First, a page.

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MarginaliaM. Foster Iustice a persecutour of Christes people.MAster Foster Iustice, dwelling at Cobdock in þe Coūtie of Suffolk, & a litle frō Ipswich, being in continual hatred against þe truth & þe professors of the same, did not only not cease daye nor night to studye howe to bring those in thrall and captiuitie that were honest & godly inclined to religion, but also what soeuer they were that once came in his clawes, they easily escaped not without clog of conscience, or els losse of life: so greedy was he of bloud. Amōg many whō he had troubled, there was one Samuel MarginaliaRobert Samuell in King Edwards dayes a godly preacher.in king Edwards dayes, a very godly and right faithfull fauourer of Gods woorde, who for his valiant and constant behaueour in his sermons, seemeth worthy of high admiration. He was minister at Barfold in Suffolke, where he taught faithfully and fruitfully that flocke which the Lord had cōmitted to his charge, so long as the time would suffer him to doo his duetye.

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At the laste being remoued from the Ministerie, and put from his Benefice MarginaliaRobert Samuell remoued from the ministery. (as many other good Pastours were beside) when he could not auoyde the raging violence of the tyme, yet woulde hee not geue ouer his care that he had for his flocke, but woulde teache them priuily and by stealth, when he coulde not openly be suffered so to doo. At what tyme order was taken by the Queene, to be published by the Commissioners, that all Priestes which had maryed in Kyng Edwardes dayes, puttyng their wyues from them, should be compelled to returne agayne to their chastitie and single lyfe. MarginaliaRobert Samuell would not consent to the wicked decree of Q. Mary to put away his wyfe.This Decree woulde not Samuell stand vnto, for that he knewe it to be manifestly wicked and abominable, but determinyng with hym selfe that Gods lawes were not to bee broken for mans traditions, kept his wife styll at Ipswich, and gaue his diligence in the meane tyme to the instructyng of other whiche were about hym, as occasion serued. At laste maister Foster hauing intelligence hereof, being a great dooer in those quarters, foreslacked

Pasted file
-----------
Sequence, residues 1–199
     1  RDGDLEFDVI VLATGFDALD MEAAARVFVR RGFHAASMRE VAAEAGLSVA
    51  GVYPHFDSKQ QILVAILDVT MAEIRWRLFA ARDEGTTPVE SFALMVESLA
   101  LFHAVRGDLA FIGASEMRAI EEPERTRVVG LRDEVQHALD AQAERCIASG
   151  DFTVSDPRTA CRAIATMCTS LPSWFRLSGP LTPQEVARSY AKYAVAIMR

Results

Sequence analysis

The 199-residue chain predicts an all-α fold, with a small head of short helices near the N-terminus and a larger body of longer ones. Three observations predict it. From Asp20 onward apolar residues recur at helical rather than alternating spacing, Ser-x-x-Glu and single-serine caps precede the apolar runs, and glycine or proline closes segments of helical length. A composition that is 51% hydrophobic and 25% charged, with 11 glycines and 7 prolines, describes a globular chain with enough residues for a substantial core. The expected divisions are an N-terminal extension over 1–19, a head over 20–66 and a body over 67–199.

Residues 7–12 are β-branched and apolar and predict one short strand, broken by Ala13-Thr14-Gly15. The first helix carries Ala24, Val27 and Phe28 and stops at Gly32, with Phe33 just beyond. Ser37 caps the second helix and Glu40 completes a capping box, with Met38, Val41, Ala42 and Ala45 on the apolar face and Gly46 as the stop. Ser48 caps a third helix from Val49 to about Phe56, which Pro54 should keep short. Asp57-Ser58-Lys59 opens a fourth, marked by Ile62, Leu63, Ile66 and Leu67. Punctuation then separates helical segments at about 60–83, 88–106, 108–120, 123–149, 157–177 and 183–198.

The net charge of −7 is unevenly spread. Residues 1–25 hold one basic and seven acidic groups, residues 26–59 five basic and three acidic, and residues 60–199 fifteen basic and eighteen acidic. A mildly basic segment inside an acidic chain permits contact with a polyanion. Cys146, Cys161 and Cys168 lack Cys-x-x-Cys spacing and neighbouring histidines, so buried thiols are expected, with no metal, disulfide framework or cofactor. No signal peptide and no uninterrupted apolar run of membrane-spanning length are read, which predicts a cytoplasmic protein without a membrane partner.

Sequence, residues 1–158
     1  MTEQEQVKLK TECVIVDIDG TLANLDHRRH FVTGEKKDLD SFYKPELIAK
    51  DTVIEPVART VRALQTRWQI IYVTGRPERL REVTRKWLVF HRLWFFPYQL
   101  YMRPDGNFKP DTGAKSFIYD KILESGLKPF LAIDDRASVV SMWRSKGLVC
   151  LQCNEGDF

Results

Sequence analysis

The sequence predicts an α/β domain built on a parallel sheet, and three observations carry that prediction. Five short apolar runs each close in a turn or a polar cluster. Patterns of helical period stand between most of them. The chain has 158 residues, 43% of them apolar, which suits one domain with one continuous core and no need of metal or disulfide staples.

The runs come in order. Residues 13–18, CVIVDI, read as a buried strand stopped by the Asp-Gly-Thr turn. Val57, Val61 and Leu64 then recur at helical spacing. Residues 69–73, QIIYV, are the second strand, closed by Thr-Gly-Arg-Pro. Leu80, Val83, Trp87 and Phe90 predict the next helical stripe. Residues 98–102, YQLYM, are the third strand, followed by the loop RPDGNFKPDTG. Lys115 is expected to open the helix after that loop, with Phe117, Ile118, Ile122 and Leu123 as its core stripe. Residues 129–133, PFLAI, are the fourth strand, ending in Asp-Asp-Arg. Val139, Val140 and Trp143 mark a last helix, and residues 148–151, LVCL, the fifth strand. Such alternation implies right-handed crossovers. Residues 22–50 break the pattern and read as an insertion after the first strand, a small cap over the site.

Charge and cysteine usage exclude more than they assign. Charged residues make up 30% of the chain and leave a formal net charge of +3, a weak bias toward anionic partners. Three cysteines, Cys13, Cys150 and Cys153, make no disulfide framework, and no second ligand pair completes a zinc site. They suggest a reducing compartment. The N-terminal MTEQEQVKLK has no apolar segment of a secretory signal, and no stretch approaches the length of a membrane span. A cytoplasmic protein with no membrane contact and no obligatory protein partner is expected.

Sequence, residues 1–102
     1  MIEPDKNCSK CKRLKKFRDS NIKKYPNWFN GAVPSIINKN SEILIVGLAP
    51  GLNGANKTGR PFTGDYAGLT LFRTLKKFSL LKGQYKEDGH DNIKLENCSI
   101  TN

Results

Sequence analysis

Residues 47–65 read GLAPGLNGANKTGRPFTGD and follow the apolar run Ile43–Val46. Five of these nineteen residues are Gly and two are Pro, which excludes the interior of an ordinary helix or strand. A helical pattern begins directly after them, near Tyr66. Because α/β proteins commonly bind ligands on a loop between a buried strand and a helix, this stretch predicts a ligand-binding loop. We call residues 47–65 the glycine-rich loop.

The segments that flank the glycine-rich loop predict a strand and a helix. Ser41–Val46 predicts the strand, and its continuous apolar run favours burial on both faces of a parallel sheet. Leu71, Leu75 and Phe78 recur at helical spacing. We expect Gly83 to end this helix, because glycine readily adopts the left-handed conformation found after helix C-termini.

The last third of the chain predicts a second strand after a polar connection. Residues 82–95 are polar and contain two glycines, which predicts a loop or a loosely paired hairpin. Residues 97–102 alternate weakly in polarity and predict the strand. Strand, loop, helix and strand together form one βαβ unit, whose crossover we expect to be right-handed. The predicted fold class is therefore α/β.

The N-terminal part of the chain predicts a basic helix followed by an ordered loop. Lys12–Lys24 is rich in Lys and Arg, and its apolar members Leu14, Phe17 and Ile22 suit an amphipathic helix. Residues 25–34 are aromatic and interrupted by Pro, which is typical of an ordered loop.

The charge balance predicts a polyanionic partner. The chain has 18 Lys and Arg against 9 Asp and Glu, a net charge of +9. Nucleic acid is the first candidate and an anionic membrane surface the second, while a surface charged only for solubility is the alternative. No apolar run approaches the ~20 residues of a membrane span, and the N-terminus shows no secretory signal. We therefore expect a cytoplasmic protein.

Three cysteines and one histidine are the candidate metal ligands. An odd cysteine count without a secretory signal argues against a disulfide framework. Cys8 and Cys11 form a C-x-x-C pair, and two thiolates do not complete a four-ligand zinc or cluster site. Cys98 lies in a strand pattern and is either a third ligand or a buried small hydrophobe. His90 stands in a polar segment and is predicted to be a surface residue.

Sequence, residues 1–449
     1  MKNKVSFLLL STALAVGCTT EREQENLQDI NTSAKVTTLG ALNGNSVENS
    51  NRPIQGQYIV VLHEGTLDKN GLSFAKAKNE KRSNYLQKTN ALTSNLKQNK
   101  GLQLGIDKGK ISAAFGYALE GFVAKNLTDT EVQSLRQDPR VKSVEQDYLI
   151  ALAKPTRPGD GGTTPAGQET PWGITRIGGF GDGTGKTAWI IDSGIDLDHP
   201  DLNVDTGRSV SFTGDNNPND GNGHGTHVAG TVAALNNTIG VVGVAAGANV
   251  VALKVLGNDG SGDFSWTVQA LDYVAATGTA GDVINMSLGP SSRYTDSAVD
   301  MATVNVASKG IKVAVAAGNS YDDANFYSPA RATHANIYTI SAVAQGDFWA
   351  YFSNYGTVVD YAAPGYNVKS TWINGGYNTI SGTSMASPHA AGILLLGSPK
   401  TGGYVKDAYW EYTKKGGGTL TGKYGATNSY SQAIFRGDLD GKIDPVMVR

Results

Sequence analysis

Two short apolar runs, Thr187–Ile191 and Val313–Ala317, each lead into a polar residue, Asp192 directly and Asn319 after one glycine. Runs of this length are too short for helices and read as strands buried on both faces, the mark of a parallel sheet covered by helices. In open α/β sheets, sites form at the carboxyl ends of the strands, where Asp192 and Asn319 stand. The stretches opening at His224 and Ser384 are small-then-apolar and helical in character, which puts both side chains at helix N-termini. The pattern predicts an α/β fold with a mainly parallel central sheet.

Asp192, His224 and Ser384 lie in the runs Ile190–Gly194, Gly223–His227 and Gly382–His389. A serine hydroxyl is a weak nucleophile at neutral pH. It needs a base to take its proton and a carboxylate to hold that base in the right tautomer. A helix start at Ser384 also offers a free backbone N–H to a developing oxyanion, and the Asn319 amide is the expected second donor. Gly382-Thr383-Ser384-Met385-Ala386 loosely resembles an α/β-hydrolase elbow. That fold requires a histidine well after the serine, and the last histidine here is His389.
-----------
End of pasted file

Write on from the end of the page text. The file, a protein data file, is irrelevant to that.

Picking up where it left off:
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Wasted [OED].

no time nor diligence, but eftsoones sendeth out his espials abroade, laying harde wayte for Samuell, that if he came home to his wyfe at any tyme, they might apprehend hym, and cary hym to prison.

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In conclusion, when suche as shoulde betraye hym, espyed hym at home with his wife, they bringyng woorde to the Officer, came immediately flocking about his house, and beset it with a greate companye, and so tooke hym in the night season, MarginaliaRobert Samuell apprehended in his house by night. because they durste not doo it in the daye tyme, for feare of trouble and tumult,  

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An interesting indication of sympathy for Samuel, if not for the protestants, in Ipswich.